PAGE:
Dynamic validation of customer satisfaction surveys

Thumbnail Image
Issue Date
Attar, Muhammad
Weheba, Gamal

Attar, Muhammad. Dynamic Validation of Customer Satisfaction Surveys. --In Proceedings: 11th Annual Symposium on Graduate Research and Scholarly Projects. Wichita, KS: Wichita State University, p. 30


Customer surveys are efficient tools for measuring customer satisfaction. A great attention has been given to techniques for analyzing customer feedback in recent years since customer satisfaction plays a major role in an organizations success. Indeed, customer feedback analysis is a challenging task and few guidelines have been provided on the dynamic validation of the instrument used. In addition, many experts and researchers have different opinions on the definitions of quality and customer satisfaction, and there is an agreement that only the customer has the right to judge the quality of products used or services provided. A typical survey consists of quantitative and qualitative questions. Respondents to quantitative questions are limited to answer questions without further explanations whereas qualitative questions allow respondents to add any comments and reflect customers' perceptions and expectation toward product used and service provided. The customer's responses to open-ended questions are complex to analyze due to difficult measurements of responses, meaning and variations in respondents concepts. A singular qualitative data analysis is widely used in several researches. Moreover, there is a lack of explanation of different methods of qualitative data analysis and how to use them with computer software. Three techniques to analyze customer feedbacks were used, including Critical Incident (CI), Concept Mapping (CM), and Cluster Analysis (CA). Additionally, advanced statistical and qualitative data analysis software was utilized to analyze data obtained from customers. This study is aimed at the development of a dynamic validation technique that can be used to update survey items based on customer response to open ended questions. An illustration of the proposed customer feedbacks technique is provided through a case study involving applications of several qualitative and quantitative data analysis techniques. The results supported the need for dynamic validation and indicated its ability to identify new requirements and emerging patterns of customers' expectations.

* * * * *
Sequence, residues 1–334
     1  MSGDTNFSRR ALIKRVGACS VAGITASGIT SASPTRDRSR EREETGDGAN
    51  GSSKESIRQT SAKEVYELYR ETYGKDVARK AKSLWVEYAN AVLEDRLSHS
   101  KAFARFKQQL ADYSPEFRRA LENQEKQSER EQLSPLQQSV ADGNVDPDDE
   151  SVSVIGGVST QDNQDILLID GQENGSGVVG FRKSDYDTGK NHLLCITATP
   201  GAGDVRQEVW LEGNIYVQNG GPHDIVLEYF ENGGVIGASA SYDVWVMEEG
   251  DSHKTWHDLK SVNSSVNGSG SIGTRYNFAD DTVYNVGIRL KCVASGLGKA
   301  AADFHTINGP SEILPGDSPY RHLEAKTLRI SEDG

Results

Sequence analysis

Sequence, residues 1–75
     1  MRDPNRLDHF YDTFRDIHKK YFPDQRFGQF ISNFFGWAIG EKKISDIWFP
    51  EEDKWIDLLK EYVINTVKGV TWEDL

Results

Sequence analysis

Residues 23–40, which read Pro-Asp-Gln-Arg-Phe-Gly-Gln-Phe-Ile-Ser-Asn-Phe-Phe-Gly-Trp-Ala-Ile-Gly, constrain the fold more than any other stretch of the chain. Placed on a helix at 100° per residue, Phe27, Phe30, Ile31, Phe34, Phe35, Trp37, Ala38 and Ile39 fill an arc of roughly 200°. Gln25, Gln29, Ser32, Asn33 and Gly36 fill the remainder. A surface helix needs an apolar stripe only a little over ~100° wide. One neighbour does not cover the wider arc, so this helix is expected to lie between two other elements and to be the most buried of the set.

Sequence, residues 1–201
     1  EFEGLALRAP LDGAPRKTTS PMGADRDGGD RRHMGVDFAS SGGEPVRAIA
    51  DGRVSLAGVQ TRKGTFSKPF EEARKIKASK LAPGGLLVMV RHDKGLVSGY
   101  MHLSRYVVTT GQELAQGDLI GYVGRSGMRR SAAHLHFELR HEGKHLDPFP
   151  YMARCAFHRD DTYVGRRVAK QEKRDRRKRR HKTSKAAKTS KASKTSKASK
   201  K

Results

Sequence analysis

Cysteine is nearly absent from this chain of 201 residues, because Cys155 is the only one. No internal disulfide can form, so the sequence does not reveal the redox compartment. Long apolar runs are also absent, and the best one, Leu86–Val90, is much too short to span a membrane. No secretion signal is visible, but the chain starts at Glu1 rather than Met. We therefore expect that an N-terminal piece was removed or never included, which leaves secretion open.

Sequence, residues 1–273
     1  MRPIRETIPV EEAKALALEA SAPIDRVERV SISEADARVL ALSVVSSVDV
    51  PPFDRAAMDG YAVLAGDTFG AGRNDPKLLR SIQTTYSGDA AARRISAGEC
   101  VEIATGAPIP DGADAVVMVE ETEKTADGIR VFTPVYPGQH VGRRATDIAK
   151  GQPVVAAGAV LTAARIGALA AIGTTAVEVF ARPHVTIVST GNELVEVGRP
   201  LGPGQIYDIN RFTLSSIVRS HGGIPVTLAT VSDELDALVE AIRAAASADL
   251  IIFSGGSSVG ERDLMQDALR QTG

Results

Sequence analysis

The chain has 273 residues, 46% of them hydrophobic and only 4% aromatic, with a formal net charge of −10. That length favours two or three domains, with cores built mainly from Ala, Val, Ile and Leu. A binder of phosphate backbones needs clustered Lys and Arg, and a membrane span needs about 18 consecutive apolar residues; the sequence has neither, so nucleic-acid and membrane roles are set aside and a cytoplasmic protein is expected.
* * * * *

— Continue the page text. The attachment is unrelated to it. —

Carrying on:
Table of Content
Presented to the 11th Annual Symposium on Graduate Research and Scholarly Projects (GRASP) held at the Heskett Center, Wichita State University, April 24, 2015.
Research completed at Department of Industrial and Manufacturing Engineering, College of Engineering